December 14, 2017
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Home >> Newsletter >> Epstein Barr Virus عربي

Serological Diagnosis of EBV Infection

 

Definitive diagnosis of EBV infection is best done by serological or molecular biological tests. Infected B cells are stimulated to secrete immunoglobulins, producing among other antibodies; a so-called heterophile IgM antibody whose detection is one of the most widely used diagnostic tests for EBV infection. This heterophile antibody is not specific for EBV antigens but binds to antigens present on heterologous red blood cells (that is, those of other animals, such as sheep or goat) and agglutinates them.

 

In addition, specific antibody responses are generated against several EBV-specific antigens, and the appearance of different antibodies is informative as to the time of infection and the pattern of virus replication (see figure). The presence of IgM antibody against the EBV capsid antigen (VCA) indicates that the infection is acute; this antibody declines gradually in the convalescent phase. Because of the long incubation period of the virus, anti-VCA IgG antibody is also detectable at the onset of illness. The continued presence of EBV antigens in the host maintains antibody production throughout life.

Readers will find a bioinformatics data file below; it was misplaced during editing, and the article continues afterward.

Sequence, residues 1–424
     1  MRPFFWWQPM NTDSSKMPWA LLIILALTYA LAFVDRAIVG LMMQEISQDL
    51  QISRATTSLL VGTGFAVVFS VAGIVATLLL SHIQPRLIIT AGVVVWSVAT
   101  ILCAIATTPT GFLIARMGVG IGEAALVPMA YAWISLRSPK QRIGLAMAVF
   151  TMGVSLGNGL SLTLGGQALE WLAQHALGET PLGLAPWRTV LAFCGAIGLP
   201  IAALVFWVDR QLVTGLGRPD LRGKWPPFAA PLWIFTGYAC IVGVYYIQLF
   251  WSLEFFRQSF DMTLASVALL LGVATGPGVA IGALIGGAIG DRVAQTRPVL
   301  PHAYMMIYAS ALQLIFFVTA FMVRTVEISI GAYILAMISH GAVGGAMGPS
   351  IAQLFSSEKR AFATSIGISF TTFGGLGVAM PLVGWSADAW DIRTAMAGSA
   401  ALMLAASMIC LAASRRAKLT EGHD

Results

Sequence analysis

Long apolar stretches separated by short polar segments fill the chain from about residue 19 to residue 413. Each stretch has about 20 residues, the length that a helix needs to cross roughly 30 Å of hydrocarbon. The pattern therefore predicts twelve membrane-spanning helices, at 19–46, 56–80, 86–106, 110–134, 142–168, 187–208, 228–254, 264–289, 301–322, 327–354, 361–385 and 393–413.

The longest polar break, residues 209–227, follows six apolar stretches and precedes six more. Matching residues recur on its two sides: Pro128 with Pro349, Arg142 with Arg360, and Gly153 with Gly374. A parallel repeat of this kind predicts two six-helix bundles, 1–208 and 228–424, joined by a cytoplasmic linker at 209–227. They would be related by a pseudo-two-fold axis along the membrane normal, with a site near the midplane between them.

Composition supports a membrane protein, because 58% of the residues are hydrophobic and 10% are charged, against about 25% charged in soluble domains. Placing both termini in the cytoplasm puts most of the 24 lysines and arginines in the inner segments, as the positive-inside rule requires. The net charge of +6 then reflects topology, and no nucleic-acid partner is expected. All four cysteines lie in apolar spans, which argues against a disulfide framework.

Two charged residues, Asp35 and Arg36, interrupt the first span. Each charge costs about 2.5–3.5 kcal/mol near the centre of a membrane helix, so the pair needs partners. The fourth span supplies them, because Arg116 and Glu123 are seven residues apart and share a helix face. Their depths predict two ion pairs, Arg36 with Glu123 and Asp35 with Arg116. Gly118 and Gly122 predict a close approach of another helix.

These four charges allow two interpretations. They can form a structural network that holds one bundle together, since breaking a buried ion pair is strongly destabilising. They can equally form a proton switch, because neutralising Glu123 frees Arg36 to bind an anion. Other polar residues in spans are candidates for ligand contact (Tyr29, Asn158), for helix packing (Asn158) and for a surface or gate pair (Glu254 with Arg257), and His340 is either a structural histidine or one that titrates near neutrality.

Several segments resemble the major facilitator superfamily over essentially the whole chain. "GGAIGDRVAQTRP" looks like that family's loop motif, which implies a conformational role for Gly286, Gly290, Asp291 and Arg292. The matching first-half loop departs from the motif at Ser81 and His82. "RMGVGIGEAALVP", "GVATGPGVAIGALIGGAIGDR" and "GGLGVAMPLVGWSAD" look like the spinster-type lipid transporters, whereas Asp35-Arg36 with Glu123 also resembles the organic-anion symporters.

Antibodies to so-called early antigens (EA) are produced mainly in the convalescent phase (1-6 months after disease onset); they then disappear. The absence of EA antibody indicates that the virus is mostly quiescent, and is not undergoing replication on large scale. If the infection is reactivated, EA antibody titers rise again. Antigens expressed later in the viral life cycle, during its latent phase, are the EBNA (Epstein-Barr nuclear antigens). Appearance of EBNA antibody indicates that the virus has been present in the body for at least few months.

 

 

Viral Capsid Antigen; IgM

Viral Capsid Antigen; IgG

Early Antigen

Epstein-Barr Nuclear Antigen

Never exposed

-

-

-

-

Acute infection

+

+

+/-

-

Recent infection

+/-

+

+/-

+/-

Past infection

-

+

-

+

Reactivated or chronic infection

-

+

+/-

+/-

 

 

 

 


 
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